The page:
As the old saying goes – if you can’t get somewhere on the 576 bus it ain’t worth going. However, we were recently invited to the soft launch of The Pit in Harrogate and quite fancied an afternoon on the piss pretending we’re posher than we are, so headed over.
Disembarking from the train we were surprised, but comforted, by the sight of a Dixy Chicken in the near distance. If lunch went pear-shaped, we wouldn’t go hungry.
Once we’d stopped laughing at the people queueing to get in at Betty’s Tea Rooms and picked ourselves up off the floor, we found The Pit over from Major Tom’s Social (good beers) and next to Jamie’s Italian (ta for the wifi, J).
You know that joint Frank visits for ribs in House of Cards? Well The Pit’s the opposite of that; a big, bare-bulbed Brewdog-bar of a place. Granted that’s de rigueur, and we like it, but it’ll probably look even better once it’s been worn in and scuffed up a bit.
Now in the interests of full disclosure we should declare that we’ve never actually been to Oklahoma, nor have we seen the film, so we’d have to take The Pit’s word for it that we’d be tucking into some “authentic Oklahoma flavours”.
The chicken wings warranted nods of approval given how tender they were, and the sauce they came in meant the napkin got a good workout. They come with either ‘hot’ or ‘not’ sauce, and the hot that we went with could probably do with some more punch. Then again, we do like a bit of raw scotch bonnet on our shreddies, so maybe it’s just us and our knackered old tastebuds.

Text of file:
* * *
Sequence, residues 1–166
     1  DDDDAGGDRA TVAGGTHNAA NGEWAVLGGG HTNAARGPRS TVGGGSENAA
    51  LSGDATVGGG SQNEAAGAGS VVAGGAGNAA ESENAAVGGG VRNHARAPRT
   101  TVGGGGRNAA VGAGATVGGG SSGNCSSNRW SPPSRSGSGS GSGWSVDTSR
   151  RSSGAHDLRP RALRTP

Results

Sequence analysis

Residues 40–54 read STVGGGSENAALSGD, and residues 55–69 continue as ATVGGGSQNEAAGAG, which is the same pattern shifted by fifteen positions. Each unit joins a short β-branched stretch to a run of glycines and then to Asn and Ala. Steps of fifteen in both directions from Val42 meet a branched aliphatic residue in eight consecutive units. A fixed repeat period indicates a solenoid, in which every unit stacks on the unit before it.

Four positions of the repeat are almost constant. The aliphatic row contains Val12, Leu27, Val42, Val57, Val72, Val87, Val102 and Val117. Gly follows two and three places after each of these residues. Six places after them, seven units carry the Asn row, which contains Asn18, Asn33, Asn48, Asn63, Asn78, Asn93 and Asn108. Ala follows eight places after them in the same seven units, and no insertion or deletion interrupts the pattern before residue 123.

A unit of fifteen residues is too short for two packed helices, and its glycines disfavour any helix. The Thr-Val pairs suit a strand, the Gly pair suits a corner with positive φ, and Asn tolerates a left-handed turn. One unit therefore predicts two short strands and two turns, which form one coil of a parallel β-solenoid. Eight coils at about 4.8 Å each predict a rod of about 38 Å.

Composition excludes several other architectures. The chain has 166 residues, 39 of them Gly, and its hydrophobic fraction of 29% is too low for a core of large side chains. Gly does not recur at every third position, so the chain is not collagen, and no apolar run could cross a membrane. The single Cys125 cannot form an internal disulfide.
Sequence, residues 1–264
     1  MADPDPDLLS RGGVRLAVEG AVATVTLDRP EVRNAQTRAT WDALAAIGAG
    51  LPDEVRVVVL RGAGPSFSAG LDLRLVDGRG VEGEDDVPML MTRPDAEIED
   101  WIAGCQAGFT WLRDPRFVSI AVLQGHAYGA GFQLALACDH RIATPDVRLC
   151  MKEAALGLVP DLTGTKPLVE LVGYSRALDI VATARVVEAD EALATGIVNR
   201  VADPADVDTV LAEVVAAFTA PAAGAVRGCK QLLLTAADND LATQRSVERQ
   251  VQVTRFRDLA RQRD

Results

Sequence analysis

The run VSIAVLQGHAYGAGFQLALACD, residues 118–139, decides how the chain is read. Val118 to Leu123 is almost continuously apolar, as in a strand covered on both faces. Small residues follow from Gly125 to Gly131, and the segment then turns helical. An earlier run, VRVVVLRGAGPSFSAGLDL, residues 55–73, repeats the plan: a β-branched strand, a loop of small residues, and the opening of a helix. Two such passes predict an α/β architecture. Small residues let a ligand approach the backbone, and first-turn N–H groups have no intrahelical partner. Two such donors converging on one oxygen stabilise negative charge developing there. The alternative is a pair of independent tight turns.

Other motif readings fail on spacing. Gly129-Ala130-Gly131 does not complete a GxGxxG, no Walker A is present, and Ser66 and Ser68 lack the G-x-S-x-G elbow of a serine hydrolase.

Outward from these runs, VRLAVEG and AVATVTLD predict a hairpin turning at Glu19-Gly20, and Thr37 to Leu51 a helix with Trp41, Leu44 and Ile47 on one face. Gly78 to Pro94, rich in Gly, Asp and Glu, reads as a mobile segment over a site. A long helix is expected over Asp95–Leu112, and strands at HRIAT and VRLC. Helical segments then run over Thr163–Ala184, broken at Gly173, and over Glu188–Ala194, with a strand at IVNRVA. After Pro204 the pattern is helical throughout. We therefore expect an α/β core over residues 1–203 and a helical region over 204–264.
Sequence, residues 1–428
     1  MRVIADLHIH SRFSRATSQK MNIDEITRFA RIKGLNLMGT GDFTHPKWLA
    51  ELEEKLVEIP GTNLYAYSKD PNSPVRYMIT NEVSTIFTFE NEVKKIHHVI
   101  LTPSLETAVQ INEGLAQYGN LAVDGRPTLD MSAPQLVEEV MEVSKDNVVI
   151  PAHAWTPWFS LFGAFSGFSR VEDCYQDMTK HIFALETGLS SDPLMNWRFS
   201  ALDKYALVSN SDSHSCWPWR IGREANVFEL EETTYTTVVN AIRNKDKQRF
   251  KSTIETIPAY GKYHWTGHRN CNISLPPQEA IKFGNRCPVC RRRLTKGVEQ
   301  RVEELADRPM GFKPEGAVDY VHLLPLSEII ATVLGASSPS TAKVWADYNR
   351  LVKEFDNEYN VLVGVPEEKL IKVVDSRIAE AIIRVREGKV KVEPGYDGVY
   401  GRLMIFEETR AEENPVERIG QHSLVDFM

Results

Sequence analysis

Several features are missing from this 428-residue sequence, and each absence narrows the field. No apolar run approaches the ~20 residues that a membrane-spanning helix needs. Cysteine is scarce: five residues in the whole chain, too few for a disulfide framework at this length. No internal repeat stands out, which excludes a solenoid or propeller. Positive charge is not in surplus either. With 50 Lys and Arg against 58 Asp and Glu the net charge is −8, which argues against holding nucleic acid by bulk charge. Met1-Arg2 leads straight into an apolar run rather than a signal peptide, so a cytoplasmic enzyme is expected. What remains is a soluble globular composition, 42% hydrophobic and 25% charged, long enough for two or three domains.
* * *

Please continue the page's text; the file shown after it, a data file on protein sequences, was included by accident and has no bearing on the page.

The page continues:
Shrimp, cod and squid came in a clean, crisp batter for the Seafood Catch and were helped along with a dill pickle mayo which is Harrogate speak for tartare sauce. There was a bit of chew with the squid, but the prawn and fish were good.
The Pit came into its own with the mains, though, and the ribs of the “ribs and wings combo” (£16.95) were apparently the best the scoffer had ever scoffed. He said they were soft and he said they weren’t too sweet and he said a lot, actually, but didn’t let me judge for myself. Tight Blackpool b*stard.
The Black and Blue burger (£13.50) was full of big beefy flavour which was helped along with slow-cooked, melty brisket that would rightfully have its own place on the menu. The creamy blue cheese, of which there was just enough, sharpened everything up nicely. Brioche bun: tick.
A bottle of Founders Porter went brilliantly with this. Total fluke on our part.
The burgers do cost a pretty penny, and if we’d have been paying, we’d have liked ours a shade pinker. That said it was one of beefiest burgers we’ve had and we could both testify to that because I shared some of mine. Unlike some.
Service was fast, friendly and full of vim.
Yep, we’d been invited and it was free but this was a long way from the 576 route so if it hadn’t been worth it we’d say. The train did cost a tenner, after all.